Socrates’s official new charge “asserts that Socrates does injustice by corrupting the young, and by not believing in the gods in whom the city believes, but in other daimonia that are novel” (24b, p. 73). By looking deeper into the dialogue of The Apology and Euthyphro, one can see how passionately Socrates strives to express to the Athenian people his innocence in teaching the youth and worshiping of the gods. Socrates maintains his innocence in teaching the youth for three reasons. Primarily, there is no proof or evidence from past examples in which Socrates has taught the youth because no one has come out and said so. Socrates brings up a valid point that his so-called ‘teachings’ haven’t changed over time and therefore if he is accused …show more content…
He says, “I do not corrupt, or if I do corrupt, I do it involuntarily, so in both cases what you say is false” (26a, p. 75). He continues by saying that if he corrupts involuntarily, “the law is to bring in those in need of punishment, not learning” (26a, p. 75). This further points out Socrates’s innocence. He believes that he would need to learn of his wrongdoings rather than be punished because he doesn’t see anything wrong with his actions. In his innocent eyes, all he did was go out to talk and question the Athenian people. Although at times there may have been youth following him as he went out to question others, they simply were just there to listen. In the event that the youth may have come up with ideas of their own based off of Socrates’s conversations they heard, that is not direct teaching from Socrates. This is like when a parent tells their child not to touch a hot stove, yet the kid goes and touches it anyway. Children have a mind of their own regardless of what they have been told is right or wrong. In this instance, the children generate their own beliefs and ideas from within themselves, not through Socrates. All Socrates wants is to “take care of the young first, so that they will be the best possible, just as a good farmer properly takes care of the young plants first, and after this of the others as well” (2d, p.
Click here to unlock this and over one million essaysShow More
What this suggests is that Socrates would be supporting the wrong-doing of his adversaries in following through with their commands. But Socrates argues that laws are just and one should never do wrong. No matter how much one thinks the act was just. He explained that he could not break the law, just because he believed the reason he was being punished was unjust. He was a man that lived his whole life following the Law of the Athenians.
Fundamentally, a society that aims to maintain order and peace will create some form of a legal code. Whether it be a set of rules that represent society’s beliefs, or an uncodified social contract, laws establish order in a society for individuals who would otherwise act unruly. The argument whether all laws should be abided by at all times or not is examined in both Stanford Encyclopaedia of Philosophy: Political Obligation and Martin Luther King Jr. “Letter From A Birmingham Jail”. Proposed by Socrates, Hobbes and Kant, it is crucial that citizens follow the law, rather than arbitrarily breaking the law because it doesn’t follow an individual’s morals. Contrastingly, according to Martin Luther King, unjust laws created by corrupt rulers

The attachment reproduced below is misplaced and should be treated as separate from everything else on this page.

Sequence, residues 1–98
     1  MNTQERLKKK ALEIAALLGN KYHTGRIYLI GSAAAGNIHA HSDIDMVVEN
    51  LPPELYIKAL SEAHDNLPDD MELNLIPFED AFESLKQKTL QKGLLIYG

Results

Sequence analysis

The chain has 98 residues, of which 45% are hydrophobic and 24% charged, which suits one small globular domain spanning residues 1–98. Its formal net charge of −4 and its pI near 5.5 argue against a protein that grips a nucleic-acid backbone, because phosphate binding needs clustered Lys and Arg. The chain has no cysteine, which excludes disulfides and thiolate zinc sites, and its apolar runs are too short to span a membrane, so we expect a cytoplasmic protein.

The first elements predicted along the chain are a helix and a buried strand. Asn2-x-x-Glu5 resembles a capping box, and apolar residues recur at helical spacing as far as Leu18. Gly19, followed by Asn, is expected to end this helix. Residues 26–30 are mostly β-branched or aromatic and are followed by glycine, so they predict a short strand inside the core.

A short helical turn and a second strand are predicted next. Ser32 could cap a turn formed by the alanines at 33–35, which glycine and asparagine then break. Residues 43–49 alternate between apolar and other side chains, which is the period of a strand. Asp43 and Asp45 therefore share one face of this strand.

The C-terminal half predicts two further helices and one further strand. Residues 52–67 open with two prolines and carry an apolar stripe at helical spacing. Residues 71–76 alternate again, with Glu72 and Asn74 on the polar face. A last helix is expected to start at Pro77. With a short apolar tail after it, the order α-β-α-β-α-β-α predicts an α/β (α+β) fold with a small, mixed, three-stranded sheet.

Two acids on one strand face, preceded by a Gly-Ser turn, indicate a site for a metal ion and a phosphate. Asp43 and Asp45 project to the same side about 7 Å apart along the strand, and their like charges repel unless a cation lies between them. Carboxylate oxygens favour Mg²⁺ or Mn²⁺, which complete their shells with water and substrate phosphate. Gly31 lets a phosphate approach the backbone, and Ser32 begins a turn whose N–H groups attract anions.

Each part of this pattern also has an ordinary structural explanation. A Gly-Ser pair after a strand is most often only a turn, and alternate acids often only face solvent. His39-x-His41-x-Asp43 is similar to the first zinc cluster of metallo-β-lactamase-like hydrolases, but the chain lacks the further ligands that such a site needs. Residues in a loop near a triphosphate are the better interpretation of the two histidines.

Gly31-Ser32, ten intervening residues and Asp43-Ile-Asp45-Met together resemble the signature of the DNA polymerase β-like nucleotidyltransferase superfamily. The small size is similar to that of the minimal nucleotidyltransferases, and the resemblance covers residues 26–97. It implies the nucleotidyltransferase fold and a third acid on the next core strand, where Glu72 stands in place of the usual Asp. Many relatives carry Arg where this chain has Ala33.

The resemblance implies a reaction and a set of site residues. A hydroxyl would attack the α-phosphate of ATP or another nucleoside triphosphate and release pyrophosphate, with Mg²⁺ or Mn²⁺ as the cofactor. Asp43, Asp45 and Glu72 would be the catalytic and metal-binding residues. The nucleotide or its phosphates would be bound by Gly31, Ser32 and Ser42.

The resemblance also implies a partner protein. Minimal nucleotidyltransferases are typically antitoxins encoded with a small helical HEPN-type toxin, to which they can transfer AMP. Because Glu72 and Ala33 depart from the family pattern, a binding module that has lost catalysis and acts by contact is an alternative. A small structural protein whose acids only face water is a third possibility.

Since the day of the judgment between Athens and Socrates in 399 year B.C. many historians, philosophers, and students wonder to know whether Socrates was Guilty. Philosopher was accused in corrupting the youth, not believing in the recognized gods and introducing new divinities and in the rejection of civic life in democratic society. It is very difficult to answer on this question, may be even impossible. In my opinion, there are three types of people: 1.
In this second quote, Socrates is saying that he possesses a certain wisdom given to him by the god to spread his philosophy and belief in the city of Athens. Here is a third piece of evidence to support my point from “ The Apology”. “Afterwards I went to talk to one person after another, sensing how odious I had become to them. I was sad and fearful; but I felt it was necessary to make the god’s work my highest priority.” (Lines 56-58)
He has passion for his beliefs and values, and would rather die than give them up. When presented with the idea of the jury releasing him he states “as long as I draw breath and am able, I shall not cease to practice philosophy” (Plato 32). This shows that Socrates does not believe what he has done and what he believes in is wrong; he will continue to do what he had been put on trial for if released. This is the exact opposite of what one would say to appease the jury. Socrates is on trial because some believe what he was doing was wrong, by refusing to acknowledge that he was wrong, this speech contradicts our modern day idea of an apology.
Throughout “Apology”, we see Socrates pointing out the different charges placed on him by individuals who he does not actually know, by approaching and responding to each one separately. For the most part, what all of the charges imply that Socrates is going around and spreading a new, and out of the norm, type of knowledge to people. For example, one of the charges was that he does not believe in the traditional gods, but rather has scientific explanations for several phenomena’s. “Socrates is guilty of wrongdoing